Harry Gregg’s ‘Bad Bet’
The first United-related book I got was Harry Gregg’s autobiography, Wild About Football, published in 1961, still a treasured possession. Unsurprisingly it made no mention of match-rigging. He was a great hero of mine because of his bravery at the time of Munich when he went back into the burning aircraft and rescued people at great risk to his own life. He dislikes talk of his heroism, saying his actions were purely instinctive, although one can see from the recent alleged behaviour of the captain of a certain sinking Italian cruise-liner that instincts can take people in very different directions. Gregg was also my hero as a magnificent goalie, who I never tired of seeing in action with his flying leaps, fingertip saves and clattering encounters with sharp-elbowed centre-forwards. As soon as Harry published a new book, Harry’s Game:The Autobiography in 2002 I rushed out to get it, having forgotten all about the match-fixing controversy. The book is a good read, giving a sometimes painfully honest account of his conflicts with others in football – including clashes with colleagues at Old Trafford over corruption.
He devotes part of a chapter entitled ‘A Bad Bet’ to the match-rigging issue, broadly confirming Dunphy’s account. Harry says that the first time he realised there was something going on was when the young Irish full-back Joe Carolan came to ask for advice: ‘I was totally caught by surprise when Joe, who I must stress was not involved, asked for a quiet chat. We went to the boot room and he said: ‘Have they been to see you yet?’ I asked what about and he told me they’d offered him the chance to earn some extra readies on the fixed games and he didn’t know what to do.I replied: ‘They won’t come to see me,’ and advised Joe to ‘Go deaf, son’. (Harry’s Game, p.93-4)
I was pleased that Joe comes out of this well as he was a decent player in the first couple of seasons after Munich and never let the side down. He was playing at left back at Highbury on that fateful day in 1960, incidentally.
The next time the issue came up was when the Daily Mail reporters approached him at the Norbrek Hydro in Blackpool, as mentioned by Dunphy. They said they’d heard Harry had ‘stopped United throwing games’ and told him more of what they had discovered, which he found convincing, although he didn’t confirm anything that he knew, on the basis that wasn’t going to ‘throw teamates to the press pack’. Alarmed by the whole thing Gregg gathered the team together and told them what the Mailmen had told him and warned them all off: ‘I said I didn’t want anything to do with it’.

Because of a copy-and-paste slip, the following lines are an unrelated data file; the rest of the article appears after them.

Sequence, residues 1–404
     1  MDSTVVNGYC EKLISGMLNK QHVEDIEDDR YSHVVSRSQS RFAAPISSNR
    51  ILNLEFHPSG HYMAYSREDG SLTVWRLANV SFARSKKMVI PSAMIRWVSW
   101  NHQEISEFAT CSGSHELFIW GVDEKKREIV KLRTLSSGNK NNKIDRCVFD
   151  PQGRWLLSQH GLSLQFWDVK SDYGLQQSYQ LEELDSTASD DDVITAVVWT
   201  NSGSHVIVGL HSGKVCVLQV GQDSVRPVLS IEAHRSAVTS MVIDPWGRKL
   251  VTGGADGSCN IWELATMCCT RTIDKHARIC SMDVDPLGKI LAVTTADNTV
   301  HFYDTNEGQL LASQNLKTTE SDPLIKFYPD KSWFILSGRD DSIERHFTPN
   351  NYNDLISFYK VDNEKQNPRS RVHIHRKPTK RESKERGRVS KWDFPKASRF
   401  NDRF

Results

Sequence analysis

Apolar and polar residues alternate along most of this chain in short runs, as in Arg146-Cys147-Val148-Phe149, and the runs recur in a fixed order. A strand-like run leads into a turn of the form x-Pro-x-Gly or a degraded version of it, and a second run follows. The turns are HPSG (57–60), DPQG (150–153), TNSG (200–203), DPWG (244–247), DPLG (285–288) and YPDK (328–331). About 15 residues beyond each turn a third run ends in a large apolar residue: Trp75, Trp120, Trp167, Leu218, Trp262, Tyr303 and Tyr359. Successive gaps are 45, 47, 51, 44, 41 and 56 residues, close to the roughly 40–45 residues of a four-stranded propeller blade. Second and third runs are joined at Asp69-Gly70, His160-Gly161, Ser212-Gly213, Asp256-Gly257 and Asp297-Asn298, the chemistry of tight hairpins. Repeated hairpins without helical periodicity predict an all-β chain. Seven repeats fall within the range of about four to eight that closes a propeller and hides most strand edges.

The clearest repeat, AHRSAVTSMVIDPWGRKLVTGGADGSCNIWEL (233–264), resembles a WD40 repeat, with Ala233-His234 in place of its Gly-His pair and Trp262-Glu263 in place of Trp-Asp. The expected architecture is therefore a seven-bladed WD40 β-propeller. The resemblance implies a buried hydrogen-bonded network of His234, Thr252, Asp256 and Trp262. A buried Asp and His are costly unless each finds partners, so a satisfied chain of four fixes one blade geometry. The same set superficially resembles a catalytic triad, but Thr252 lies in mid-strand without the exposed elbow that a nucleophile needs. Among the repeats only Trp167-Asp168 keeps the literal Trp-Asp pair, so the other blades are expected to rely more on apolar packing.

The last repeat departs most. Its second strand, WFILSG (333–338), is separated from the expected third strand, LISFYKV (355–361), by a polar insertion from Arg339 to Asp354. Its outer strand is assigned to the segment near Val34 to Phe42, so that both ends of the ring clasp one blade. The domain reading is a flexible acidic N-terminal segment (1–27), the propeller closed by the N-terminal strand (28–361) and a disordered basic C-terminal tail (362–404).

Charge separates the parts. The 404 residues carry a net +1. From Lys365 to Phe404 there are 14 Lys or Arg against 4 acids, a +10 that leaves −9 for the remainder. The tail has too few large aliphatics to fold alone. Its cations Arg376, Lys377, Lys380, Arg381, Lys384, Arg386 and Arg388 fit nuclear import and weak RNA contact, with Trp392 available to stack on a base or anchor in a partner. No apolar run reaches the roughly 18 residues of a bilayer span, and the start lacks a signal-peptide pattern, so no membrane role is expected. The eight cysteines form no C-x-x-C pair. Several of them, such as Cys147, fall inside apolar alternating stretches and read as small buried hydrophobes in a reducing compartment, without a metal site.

At this same time there was an Irish League v Football League representative match in Blackpool, covered for the Sunday Express by Spurs captain Danny Blanchflower, brother of United’s Jackie, who’d been badly injured at Munich. The two Mail reporters started deliberately talking loudly in front of the Irishman about match-fixing. Danny challenged them, saying, ‘I sincerely hope you’re not suggesting Tottenham Hotspur’. One hack replied, ‘No, but I’m afraid we can’t say the same for your brother’s club’. United’s Wilf McGuiness, on crutches following the injury that forced him to quit as a player, heard all this and angrily confronted the journalists, threatening to tell the boss, which suited them as they’d been trying to talk to Busby for two days.
Harry now raised the matter with trainer Jack Crompton (United keeper in the 1948 FA Cup Final) who clearly knew nothing, so he finally decided to take it up with Busby.He knocked on the manager’s door and went in: ‘Matt was sitting behind his big desk and I pre-empted the conversation by telling him there was no way I was going to give any names. He asked what I was on about and I said I didn’t mind having lumps kicked out of me, but I wasn’t sure who was playing for or against us . He ranted and raved, saying over and over: ‘I bloody knew’. And this was from a man not noted for his histrionics or foul language. Obviously, I’d merely confirmed what Matt already suspected.’ (Harry’s Game, p.95)